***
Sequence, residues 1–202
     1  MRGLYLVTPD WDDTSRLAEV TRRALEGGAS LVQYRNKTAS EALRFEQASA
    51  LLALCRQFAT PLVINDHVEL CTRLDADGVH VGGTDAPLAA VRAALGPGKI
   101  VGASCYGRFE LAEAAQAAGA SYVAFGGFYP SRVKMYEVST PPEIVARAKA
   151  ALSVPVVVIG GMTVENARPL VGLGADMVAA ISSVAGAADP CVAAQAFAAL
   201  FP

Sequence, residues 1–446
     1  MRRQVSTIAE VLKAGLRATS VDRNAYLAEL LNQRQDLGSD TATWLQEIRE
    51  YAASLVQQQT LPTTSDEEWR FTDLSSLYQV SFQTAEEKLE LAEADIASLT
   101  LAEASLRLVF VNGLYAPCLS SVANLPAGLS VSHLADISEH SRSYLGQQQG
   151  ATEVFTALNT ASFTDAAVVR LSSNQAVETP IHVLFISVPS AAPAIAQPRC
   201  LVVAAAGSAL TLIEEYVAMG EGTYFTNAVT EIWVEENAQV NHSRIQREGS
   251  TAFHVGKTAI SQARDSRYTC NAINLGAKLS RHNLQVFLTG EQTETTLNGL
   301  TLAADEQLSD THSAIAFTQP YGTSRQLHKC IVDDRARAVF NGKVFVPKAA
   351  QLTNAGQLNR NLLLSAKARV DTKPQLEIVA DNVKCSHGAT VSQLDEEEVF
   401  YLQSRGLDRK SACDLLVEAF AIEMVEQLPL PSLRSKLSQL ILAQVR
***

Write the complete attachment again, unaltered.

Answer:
Sequence, residues 1–202
     1  MRGLYLVTPD WDDTSRLAEV TRRALEGGAS LVQYRNKTAS EALRFEQASA
    51  LLALCRQFAT PLVINDHVEL CTRLDADGVH VGGTDAPLAA VRAALGPGKI
   101  VGASCYGRFE LAEAAQAAGA SYVAFGGFYP SRVKMYEVST PPEIVARAKA
   151  ALSVPVVVIG GMTVENARPL VGLGADMVAA ISSVAGAADP CVAAQAFAAL
   201  FP

Sequence, residues 1–446
     1  MRRQVSTIAE VLKAGLRATS VDRNAYLAEL LNQRQDLGSD TATWLQEIRE
    51  YAASLVQQQT LPTTSDEEWR FTDLSSLYQV SFQTAEEKLE LAEADIASLT
   101  LAEASLRLVF VNGLYAPCLS SVANLPAGLS VSHLADISEH SRSYLGQQQG
   151  ATEVFTALNT ASFTDAAVVR LSSNQAVETP IHVLFISVPS AAPAIAQPRC
   201  LVVAAAGSAL TLIEEYVAMG EGTYFTNAVT EIWVEENAQV NHSRIQREGS
   251  TAFHVGKTAI SQARDSRYTC NAINLGAKLS RHNLQVFLTG EQTETTLNGL
   301  TLAADEQLSD THSAIAFTQP YGTSRQLHKC IVDDRARAVF NGKVFVPKAA
   351  QLTNAGQLNR NLLLSAKARV DTKPQLEIVA DNVKCSHGAT VSQLDEEEVF
   401  YLQSRGLDRK SACDLLVEAF AIEMVEQLPL PSLRSKLSQL ILAQVR